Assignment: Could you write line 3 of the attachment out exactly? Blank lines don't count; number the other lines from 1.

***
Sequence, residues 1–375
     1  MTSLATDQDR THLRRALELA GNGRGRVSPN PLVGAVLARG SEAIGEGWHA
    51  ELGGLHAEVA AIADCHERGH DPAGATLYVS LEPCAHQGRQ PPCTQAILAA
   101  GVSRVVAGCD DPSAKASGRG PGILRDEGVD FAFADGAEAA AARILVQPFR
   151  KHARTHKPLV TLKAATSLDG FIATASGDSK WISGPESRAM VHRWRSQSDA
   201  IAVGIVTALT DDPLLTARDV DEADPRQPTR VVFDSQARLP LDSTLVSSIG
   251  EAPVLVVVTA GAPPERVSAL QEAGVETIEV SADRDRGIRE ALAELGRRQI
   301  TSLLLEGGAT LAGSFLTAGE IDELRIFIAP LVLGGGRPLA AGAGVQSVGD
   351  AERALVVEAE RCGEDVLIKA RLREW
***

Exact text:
    51  ELGGLHAEVA AIADCHERGH DPAGATLYVS LEPCAHQGRQ PPCTQAILAA